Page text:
The name Hermano Puli is familiar to me as a historical figure as a revolutionary against Spanish rule. However, honestly, he was a mere trivial footnote for me. I do not exactly recall who he was, or what he did. I look forward to seeing films like this to learn more about these less prominent personalities in history.
In addition, this film was chosen as the closing film of the recently concluded Cinemalaya film festival. It was also chosen as one of the candidates for the coveted Philippine representative to be sent for Oscar consideration. These factors amped up my curiosity to see this film during its commercial run this week.
Apolinario de la Cruz, a.k.a. Hermano Puli, was only 18 years old when he founded the Confradia de San Jose in their hometown of Lukban in the province of Tayabas in 1832. It was an organization of Filipino Catholics who regularly met and listened to Hermano Puli as he preached about Bible-based values. By 1841, with this group's growing popularity among its all-Filipino membership, Spanish authorities suspected sedition and insurgency, and banned it. When Hermano Puli and comrades fought back, the Spaniards resorted to violence to totally dismantle it.
The intentions of the production may have been noble, but the final product turned out weak. I thought the main weakness of the film lay on the uninspiring lead performance turned in by Aljur Abrenica as Hermano Puli. He tried very hard to look and act "good" such that it turned out really unconvincing and hammy. Abrenica's Hermano Puli felt like a patronizing charlatan with his put-on air of holiness, which was unfortunate. In big scenes when the Hermano was rallying his people into action at Isabang on Mt. Banahaw, or even in that simple scene when Puli cried when he was told about his younger brother's death, Abrenica failed to connect with any sincerity.
There were scenes that show Hermano Puli in a bad light. When he was in Manila, he requested for Lina (Louise de los Reyes), a barrio lass who obviously has a crush on him, to go to Manila and do his laundry. He rebuked his cuidado (or caretaker) Octavio San Jorge (Enzo Pineda) with harsh words in a letter from Manila after the former was arrested and whipped. When they captured a local Spanish alcalde mayor, the Hermano allowed his lieutenant Apolonio Juan de la Cruz (Vin Abrenica) to violently dispose of the official as the latter wished. The scene where the Hermano was distributing amulets may have been based on fact, but the way it was shown onscreen was too sudden and unreasonable. His turn to superstition went unexplained.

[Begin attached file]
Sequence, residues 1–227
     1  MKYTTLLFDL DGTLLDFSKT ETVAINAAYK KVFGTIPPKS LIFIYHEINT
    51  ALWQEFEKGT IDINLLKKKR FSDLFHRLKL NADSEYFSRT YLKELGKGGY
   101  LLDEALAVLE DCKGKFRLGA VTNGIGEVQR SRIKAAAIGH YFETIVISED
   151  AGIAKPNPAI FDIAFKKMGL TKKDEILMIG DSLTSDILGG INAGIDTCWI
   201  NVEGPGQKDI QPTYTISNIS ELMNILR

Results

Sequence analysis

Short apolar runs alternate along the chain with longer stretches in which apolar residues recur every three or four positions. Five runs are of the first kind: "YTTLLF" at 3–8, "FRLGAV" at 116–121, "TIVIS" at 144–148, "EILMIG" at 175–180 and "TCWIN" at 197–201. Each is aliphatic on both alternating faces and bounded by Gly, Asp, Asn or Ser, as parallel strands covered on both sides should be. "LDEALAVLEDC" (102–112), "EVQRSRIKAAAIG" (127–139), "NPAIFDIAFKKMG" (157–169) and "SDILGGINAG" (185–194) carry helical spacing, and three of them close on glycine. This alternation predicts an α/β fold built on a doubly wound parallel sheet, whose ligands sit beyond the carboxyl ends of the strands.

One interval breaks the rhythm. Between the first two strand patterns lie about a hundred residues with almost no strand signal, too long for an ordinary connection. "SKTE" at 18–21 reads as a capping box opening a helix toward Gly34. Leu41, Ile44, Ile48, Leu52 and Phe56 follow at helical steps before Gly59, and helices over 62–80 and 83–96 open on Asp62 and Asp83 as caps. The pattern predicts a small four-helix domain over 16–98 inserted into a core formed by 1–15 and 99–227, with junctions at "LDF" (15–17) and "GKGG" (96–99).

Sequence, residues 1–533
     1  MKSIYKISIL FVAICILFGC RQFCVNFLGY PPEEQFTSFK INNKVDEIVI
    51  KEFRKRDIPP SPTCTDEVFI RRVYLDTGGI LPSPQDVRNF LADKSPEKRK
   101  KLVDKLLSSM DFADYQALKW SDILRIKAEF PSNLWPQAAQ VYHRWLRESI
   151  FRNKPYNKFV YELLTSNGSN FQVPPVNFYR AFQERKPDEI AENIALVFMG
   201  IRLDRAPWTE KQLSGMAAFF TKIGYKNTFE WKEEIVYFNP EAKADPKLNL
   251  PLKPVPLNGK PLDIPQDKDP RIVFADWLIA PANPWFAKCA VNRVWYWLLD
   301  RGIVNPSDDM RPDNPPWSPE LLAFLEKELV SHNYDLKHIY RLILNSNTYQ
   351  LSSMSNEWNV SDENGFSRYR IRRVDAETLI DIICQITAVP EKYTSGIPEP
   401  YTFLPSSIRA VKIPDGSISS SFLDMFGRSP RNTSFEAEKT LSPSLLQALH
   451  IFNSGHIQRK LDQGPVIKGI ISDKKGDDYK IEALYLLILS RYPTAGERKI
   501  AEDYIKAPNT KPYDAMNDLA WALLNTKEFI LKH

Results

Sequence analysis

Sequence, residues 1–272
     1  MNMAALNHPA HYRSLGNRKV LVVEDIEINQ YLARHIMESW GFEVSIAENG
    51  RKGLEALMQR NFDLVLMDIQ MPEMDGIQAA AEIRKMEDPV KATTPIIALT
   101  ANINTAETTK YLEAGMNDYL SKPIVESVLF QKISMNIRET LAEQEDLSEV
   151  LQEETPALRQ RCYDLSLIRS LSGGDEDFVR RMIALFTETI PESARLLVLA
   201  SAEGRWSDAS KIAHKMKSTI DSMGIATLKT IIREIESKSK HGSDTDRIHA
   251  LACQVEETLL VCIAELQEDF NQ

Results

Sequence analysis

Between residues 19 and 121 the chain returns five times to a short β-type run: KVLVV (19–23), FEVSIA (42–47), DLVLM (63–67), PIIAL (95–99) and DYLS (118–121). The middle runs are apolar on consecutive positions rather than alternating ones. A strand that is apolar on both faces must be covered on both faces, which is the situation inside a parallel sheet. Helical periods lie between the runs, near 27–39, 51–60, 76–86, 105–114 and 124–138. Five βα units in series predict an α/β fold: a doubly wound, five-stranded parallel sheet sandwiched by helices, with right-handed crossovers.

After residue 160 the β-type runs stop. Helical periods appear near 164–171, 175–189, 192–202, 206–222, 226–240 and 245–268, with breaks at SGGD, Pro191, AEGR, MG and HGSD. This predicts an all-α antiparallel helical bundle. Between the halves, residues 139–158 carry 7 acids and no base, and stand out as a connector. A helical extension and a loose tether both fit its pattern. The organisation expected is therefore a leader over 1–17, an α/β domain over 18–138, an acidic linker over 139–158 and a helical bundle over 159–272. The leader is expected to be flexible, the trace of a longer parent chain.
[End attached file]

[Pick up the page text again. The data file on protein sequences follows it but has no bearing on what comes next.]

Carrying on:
In addition, there was the portrayal of all the Spanish officials and friars as comical caricatures of pure colonial evil. Markki Stroem played Col. Joaquin Juet as a livid raving madman, demonic eyes, demonic laughter and all. Kiko Matos played alcalde mayor Joaquin Ortega as a lisping and inept fool, as did the actor who played the effeminate gobernadorcillo. The very fake-looking tonsure hairstyle of the friars looked hilarious. I am not sure if the humor in these scenes were intentional on the director's part to liven things up, but for me they felt uncomfortably out of place in a film like this.
It was interesting to learn about these lesser known events in Philippine history, telling in more detail about what could be dismissed in a history textbook in a single sentence. However despite being concise, this film by Gil Portes (who once won Best Director for "Andrea" back in the 1990 MMFF) felt slow and flat. It is not the religious subject that made it tedious, as "Felix Manalo" (with a charismatic Dennis Trillo in the lead) was able to be engaging despite its length. The way this film projected Hermano Puli did not even feel favorable to his memory. Aside from a few memorable lines, it did not inspire above and beyond telling the basic historical information. 4/10.